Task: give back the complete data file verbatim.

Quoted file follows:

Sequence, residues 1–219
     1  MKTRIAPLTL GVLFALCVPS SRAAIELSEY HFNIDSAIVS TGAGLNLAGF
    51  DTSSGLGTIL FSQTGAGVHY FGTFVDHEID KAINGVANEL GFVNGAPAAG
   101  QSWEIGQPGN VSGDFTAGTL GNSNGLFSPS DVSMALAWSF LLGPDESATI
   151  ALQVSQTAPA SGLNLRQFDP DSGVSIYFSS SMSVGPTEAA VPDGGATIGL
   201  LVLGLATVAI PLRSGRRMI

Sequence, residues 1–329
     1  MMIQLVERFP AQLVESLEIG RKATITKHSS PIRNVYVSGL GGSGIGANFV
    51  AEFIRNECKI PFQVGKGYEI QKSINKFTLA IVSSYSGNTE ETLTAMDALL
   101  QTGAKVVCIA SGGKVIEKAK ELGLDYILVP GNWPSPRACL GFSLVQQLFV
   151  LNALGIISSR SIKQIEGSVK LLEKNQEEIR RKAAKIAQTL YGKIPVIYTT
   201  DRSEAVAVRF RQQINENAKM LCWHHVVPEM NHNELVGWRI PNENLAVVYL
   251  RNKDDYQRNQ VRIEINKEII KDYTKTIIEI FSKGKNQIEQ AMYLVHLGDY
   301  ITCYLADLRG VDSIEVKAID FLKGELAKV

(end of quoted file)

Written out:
Sequence, residues 1–219
     1  MKTRIAPLTL GVLFALCVPS SRAAIELSEY HFNIDSAIVS TGAGLNLAGF
    51  DTSSGLGTIL FSQTGAGVHY FGTFVDHEID KAINGVANEL GFVNGAPAAG
   101  QSWEIGQPGN VSGDFTAGTL GNSNGLFSPS DVSMALAWSF LLGPDESATI
   151  ALQVSQTAPA SGLNLRQFDP DSGVSIYFSS SMSVGPTEAA VPDGGATIGL
   201  LVLGLATVAI PLRSGRRMI

Sequence, residues 1–329
     1  MMIQLVERFP AQLVESLEIG RKATITKHSS PIRNVYVSGL GGSGIGANFV
    51  AEFIRNECKI PFQVGKGYEI QKSINKFTLA IVSSYSGNTE ETLTAMDALL
   101  QTGAKVVCIA SGGKVIEKAK ELGLDYILVP GNWPSPRACL GFSLVQQLFV
   151  LNALGIISSR SIKQIEGSVK LLEKNQEEIR RKAAKIAQTL YGKIPVIYTT
   201  DRSEAVAVRF RQQINENAKM LCWHHVVPEM NHNELVGWRI PNENLAVVYL
   251  RNKDDYQRNQ VRIEINKEII KDYTKTIIEI FSKGKNQIEQ AMYLVHLGDY
   301  ITCYLADLRG VDSIEVKAID FLKGELAKV